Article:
The dilemma is that when the R&D is successful and a super drug is born, you may not have adequate sales forces in the key markets of the world. So, the amortization of R&D money is less and, at the same time, you may have to keep expensive people in the field even when you don't have drugs to sell. This is the problem with industries like pharmaceuticals where high fixed costs demand size to justify them. That is why you need to seek strategic alliances and, sometimes, to go one step further to total cross-border mergers. In the mid-1980s, examples were few and far between. But now we see examples of cross border alliances and M&As almost daily in banking, airlines, retailing, power generation, automobiles, consumer and business electronics, machinery, and semi-conductors.

Size and capitalization did play a part. A medium-sized pharmaceuticals company might well spend $1 billion in R&D and have no results, but a larger company might be able to sink $3 billion, maybe more, into R&D. It could afford to miss the target more often and still remain profitable. Cross border alliances allowed more companies to do this. It was only possible, though, once they saw beyond their home markets. Today, the concept of cross border alliances is no longer a novelty. Henry's path breaking role deserves recognition.

Another early pioneer of the global economy was Walter Wriston, former chairman of Citibank. He saw globalization as an imperative, not because of management or business theories, but because of technological breakthroughs. He prophesized that competition between banks would no longer be based on banking services, but on acquiring better technology. Effectively, the company able to make decisions quicker, often in the fraction of a nanosecond, would be the winner.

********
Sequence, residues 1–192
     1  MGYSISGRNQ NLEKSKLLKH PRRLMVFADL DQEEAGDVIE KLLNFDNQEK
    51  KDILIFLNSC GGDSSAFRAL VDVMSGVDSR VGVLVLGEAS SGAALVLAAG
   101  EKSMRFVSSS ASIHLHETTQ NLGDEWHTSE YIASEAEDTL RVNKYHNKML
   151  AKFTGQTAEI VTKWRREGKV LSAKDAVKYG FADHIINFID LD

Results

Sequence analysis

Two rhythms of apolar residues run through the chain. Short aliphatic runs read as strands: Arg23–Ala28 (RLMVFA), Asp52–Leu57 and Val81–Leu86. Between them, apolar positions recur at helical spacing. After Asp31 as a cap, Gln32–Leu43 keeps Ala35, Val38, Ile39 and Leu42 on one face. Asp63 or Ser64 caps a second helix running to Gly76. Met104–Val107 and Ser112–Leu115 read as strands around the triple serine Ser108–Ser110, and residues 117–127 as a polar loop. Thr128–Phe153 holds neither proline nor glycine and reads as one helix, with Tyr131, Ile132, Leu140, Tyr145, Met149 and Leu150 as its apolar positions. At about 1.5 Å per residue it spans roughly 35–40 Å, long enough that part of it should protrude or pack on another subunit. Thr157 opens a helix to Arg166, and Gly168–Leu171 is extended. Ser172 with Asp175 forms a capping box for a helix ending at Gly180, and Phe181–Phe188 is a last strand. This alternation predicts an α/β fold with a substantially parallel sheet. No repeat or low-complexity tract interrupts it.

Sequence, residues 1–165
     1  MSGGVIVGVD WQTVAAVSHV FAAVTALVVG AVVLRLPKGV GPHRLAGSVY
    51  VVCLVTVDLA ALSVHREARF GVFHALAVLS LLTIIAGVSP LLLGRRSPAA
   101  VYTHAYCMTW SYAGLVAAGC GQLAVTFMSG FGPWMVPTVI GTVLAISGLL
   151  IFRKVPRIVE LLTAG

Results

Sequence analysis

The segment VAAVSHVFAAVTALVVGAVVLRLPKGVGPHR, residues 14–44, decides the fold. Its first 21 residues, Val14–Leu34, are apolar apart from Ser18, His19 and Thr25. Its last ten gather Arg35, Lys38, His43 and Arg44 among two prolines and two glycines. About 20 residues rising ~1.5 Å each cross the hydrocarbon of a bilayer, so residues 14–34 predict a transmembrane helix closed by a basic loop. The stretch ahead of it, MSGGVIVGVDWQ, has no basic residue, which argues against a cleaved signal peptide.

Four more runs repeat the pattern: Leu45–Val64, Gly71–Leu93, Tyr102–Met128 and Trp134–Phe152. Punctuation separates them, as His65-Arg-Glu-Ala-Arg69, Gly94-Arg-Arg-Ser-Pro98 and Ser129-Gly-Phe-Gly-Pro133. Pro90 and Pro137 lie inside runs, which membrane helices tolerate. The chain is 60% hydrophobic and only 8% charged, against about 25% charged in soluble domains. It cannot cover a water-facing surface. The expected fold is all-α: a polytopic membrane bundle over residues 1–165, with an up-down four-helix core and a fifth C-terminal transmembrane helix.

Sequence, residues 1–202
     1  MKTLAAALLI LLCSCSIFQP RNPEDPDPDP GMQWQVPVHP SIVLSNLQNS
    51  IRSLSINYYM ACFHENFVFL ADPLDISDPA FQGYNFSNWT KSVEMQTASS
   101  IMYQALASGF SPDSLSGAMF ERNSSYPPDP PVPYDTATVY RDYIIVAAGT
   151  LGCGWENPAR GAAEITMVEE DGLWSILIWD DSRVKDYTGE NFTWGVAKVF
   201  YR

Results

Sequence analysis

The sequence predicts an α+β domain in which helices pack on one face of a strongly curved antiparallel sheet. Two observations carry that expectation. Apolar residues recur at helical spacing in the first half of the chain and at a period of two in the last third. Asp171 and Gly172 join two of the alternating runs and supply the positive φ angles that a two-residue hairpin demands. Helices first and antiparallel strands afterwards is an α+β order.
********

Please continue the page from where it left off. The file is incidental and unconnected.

Walter Wriston understood the future shape of banking – and of the global economy. It was to be based in a world without borders; it would float around decisions made in a split second, maybe sometimes by non-humans. Technology was to be the key to success in banking, and so the person at the helm of Citibank had to be technology savvy. But his vision left him in a minority. Twenty years ago, most top bankers were traditionalists. They saw relationships of trust and confidentiality forged among business and governmental hierarchies as the key to success, rather than technology. Technology was all very well, but it was for whiz kids, not bankers.

John Reid, Wriston's handpicked successor as head of Citibank in 1984, was not a product of the traditional east-coast banking establishment. Reid was a technologist. An MIT graduate, he had been working in Citibank on ATM applications and other electronic banking projects. At the time of his appointment, he was virtually unknown within the corporation. Some even greeted his appointment with the question: "John Who?"

Walter Wriston defended his decision by saying that it was very hard to teach technology to an established banker, but relatively easy to teach banking to a technology specialist. As for relationships, these would develop over time. Under Reid's stewardship Citibank became the largest bank in the world. Along the way, he astutely led Citibank through the Latin American financial crisis.